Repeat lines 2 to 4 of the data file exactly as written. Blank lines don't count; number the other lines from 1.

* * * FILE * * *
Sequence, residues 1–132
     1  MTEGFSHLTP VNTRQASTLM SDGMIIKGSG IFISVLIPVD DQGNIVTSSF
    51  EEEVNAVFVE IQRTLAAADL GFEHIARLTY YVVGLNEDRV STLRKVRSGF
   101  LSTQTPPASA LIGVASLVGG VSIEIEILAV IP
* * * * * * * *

     1  MTEGFSHLTP VNTRQASTLM SDGMIIKGSG IFISVLIPVD DQGNIVTSSF
    51  EEEVNAVFVE IQRTLAAADL GFEHIARLTY YVVGLNEDRV STLRKVRSGF
   101  LSTQTPPASA LIGVASLVGG VSIEIEILAV IP